VIRGINIA'S MOST HISTORIC PLANTATION
Benjamin Harrison V was born and died at Berkeley. He was a member of the House of Burgesses and the Continental Congress, a signer of the Declaration of Independence, and a governor of Virginia. He also was the owner of 110 enslaved people.
When Benjamin Harrison V died in 1791, an inventory of his enslaved workers was completed. The inventory is unique among the surviving slave inventories. In the inventory, slaves are listed in a sort of genealogical style, with a progenitor listed first and descendants following. Thus, the inventory begins with a superannuated (retired) slave who is valued at 0 pounds. In contrast, the customary slave inventory records men first, from most valuable to least valuable, then women listed in a similar way, followed by children. Superannuated slaves are usually listed last. A copy of the inventory list is on display at Berkeley.
Tobacco was a cash crop in Virginia from the seventeenth century to the twentieth century and provided the main source of income for Berkeley and for most plantations in Virginia. To cultivate the crop, tobacco planters first relied on European indentured servants, but by 1700 had turned to enslaved peoples to work the fields. The conditions enslaved workers faced depended on the size of the plantation or farm where they worked and the type of work they had to do. Household servants, blacksmiths, carpenters, and other skilled workers were better off than field hands. During tobacco farming at Berkeley, most of the enslaved workers were field hands. Men, women, and children might work as long as sixteen hours a day during the harvest and ten or more hours a day in winter. Ready-made clothes were generally given to men twice a year, and everyone received new shoes about once a year. Women were provided with cloth to make dresses for themselves and clothes for their children. The slave communities grew their own vegetables, and food was distributed to families and individuals.
While without legal standing, slave marriages were accepted by most planters. The marriage ceremony might have consisted of a couple “jumping the broom”, a custom that affirmed their commitment to each other before the slave community; a formal wedding in the main house with the planter and his family; or just an agreement from the owner. However, planter’s acceptance of marriage did not always mean that he respected the institution. Selling spouses away from each other was common.
Virginia’s architectural history is not always fully represented in its historical buildings because of the lack of surviving Colonial-Era slave quarters. These structures were generally built cheaply, using perishable materials which decayed rapidly following the Civil War. Very few of these original houses, most of which date to about 30 years prior to the Civil War, still exist. Only the better-built examples tended to survive, and most were repurposed for other uses after emancipation. Slave quarters could be adjacent to the main house, far away from it, or both. At Berkeley, the existing kitchen building would have housed the cook as well as the laundry workers. Skilled workers would have lived near the main buildings, and some of the house servants who were responsible for looking after the children would have lived on the third floor of the manor house.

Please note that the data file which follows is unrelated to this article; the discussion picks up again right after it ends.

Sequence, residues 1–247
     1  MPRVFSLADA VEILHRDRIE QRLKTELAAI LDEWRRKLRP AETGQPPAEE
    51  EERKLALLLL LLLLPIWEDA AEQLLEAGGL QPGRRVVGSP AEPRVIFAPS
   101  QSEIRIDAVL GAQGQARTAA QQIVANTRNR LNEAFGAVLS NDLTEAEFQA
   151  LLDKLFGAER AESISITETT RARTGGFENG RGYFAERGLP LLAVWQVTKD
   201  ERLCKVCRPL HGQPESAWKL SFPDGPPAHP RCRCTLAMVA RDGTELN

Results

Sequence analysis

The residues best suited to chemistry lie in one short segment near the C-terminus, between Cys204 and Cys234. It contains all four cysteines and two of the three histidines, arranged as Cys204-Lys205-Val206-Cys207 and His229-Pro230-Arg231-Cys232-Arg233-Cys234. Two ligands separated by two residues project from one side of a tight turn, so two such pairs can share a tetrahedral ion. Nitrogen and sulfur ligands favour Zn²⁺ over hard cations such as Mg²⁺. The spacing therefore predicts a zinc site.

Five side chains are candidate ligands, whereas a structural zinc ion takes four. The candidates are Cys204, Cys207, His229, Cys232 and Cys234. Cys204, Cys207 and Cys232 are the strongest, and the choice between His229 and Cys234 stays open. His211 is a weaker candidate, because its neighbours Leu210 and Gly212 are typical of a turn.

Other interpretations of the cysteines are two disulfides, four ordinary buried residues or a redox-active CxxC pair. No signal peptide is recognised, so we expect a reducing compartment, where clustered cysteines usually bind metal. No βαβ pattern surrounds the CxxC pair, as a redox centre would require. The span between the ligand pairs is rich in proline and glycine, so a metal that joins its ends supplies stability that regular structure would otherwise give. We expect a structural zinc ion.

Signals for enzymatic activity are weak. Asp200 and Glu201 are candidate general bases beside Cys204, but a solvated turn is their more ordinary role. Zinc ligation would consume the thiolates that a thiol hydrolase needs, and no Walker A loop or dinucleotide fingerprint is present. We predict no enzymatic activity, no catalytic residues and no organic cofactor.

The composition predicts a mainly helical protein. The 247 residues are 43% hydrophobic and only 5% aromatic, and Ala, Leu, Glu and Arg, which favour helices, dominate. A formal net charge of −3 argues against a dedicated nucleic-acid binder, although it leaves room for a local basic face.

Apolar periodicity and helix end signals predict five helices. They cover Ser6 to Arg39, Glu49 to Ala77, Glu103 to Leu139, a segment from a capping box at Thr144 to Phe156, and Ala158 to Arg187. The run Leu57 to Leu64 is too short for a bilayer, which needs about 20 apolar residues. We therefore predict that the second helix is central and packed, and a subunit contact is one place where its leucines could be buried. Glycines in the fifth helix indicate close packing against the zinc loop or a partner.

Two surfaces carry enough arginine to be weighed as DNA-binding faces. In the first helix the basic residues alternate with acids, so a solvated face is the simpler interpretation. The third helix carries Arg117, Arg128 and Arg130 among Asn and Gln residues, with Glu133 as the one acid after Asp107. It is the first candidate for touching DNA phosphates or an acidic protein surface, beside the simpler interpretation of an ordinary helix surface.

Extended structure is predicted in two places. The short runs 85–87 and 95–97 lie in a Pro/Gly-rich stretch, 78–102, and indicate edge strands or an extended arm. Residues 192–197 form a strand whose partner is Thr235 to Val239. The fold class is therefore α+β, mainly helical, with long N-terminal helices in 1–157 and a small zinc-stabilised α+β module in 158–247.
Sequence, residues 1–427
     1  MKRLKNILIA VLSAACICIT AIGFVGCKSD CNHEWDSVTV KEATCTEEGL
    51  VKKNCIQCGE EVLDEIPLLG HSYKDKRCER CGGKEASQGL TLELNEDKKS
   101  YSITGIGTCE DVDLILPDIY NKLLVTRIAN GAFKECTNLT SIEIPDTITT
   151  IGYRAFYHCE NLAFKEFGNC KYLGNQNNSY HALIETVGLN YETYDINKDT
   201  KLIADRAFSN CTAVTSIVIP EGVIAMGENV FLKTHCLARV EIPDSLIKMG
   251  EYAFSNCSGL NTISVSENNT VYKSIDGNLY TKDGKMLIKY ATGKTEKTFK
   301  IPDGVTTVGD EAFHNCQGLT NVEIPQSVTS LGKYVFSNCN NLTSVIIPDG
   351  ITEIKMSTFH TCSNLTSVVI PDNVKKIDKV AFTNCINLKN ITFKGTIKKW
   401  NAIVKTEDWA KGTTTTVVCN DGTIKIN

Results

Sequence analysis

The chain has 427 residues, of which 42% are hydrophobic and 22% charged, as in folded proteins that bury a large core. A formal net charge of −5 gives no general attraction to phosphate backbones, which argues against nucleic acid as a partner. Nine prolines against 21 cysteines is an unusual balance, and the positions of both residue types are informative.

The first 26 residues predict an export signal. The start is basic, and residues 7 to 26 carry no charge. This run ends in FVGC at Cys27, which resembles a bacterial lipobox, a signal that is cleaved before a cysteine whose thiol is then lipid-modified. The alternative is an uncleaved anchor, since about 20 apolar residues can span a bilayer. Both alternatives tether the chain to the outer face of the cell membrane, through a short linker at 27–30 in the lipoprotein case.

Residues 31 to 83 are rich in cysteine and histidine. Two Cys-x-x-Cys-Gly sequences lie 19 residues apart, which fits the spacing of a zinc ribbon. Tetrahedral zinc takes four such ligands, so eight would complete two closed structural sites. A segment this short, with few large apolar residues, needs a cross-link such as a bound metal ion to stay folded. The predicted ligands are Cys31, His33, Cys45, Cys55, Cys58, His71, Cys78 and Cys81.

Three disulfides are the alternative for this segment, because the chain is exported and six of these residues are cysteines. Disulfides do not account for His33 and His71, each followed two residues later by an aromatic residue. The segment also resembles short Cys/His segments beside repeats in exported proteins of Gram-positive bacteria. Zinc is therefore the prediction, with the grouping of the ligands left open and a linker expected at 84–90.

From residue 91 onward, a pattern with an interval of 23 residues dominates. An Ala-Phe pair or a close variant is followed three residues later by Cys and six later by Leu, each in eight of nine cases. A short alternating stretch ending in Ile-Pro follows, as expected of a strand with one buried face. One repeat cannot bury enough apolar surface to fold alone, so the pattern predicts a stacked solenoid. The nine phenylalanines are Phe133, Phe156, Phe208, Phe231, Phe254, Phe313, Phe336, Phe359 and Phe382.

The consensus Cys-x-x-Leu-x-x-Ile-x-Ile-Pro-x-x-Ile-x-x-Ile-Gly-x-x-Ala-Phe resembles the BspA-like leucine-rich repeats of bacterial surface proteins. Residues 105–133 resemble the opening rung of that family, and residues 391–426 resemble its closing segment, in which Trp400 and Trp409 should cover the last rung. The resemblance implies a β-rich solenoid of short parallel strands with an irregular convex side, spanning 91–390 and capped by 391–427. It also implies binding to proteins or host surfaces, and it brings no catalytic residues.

During the fall of 2018, Berkeley became the movie set of “Harriet”. “Harriet” is based on the story of iconic freedom fighter Harriet Tubman, her escape from slavery, and her mission to free hundreds of slaves through the Underground Railroad. Harriet’s production team transformed Berkeley’s historic buildings, gardens, farmland, woods, ponds, and river shore into the world of Harriet Tubman. Slave quarters were constructed and used for scenes throughout the movie. Following the filming, the reconstructed slave quarters were relocated to the approximate site of the original slave quarters in Berkeley’s historical area. An exhibit is now open where you can see the reconstructed slave quarters and learn about the enslaved people who lived and worked at Berkeley.
For more information on Berkeley’s enslaved visit:
Message From the Jamieson Family
We believe that Black Americans, Indigenous People, and their descendants deserve justice, respect, and support as they have suffered unimaginable tragedies and losses through enslavement and genocide at the foundation of America.
We believe that everyone in Virginia can come together and utilize history to facilitate empathy, education, and healing. We support and honor the African American community in their efforts to create their narrative and stand up for equality, respect, and justice.
As a historic site and museum, we welcome and encourage all voices. For too long Virginia’s history was told from a perspective that marginalized many communities and perpetuated discrimination. We recognize that enslaved people were present at Berkeley Plantation during the period of tobacco farming in colonial times and up to the Civil War. We are working with researchers and historians to uncover all aspects of this site’s past, and there is much work and responsibility ahead to make this site a place for healing and awareness.
Berkeley Plantation house museum and the surrounding grounds have a responsibility to help preserve these sites and property for future historians and scholars. We welcome new research and educational opportunities which reveal the injustice, resilience, and untold story of all marginalized people. We feel that history should be inclusive and provide both breadth and depth so that we all can move forward collectively as Americans honorably and respectfully. We encourage everyone to share any thoughts and ideas regarding this matter to firstname.lastname@example.org
Your thoughts are considered valuable insights to our organization.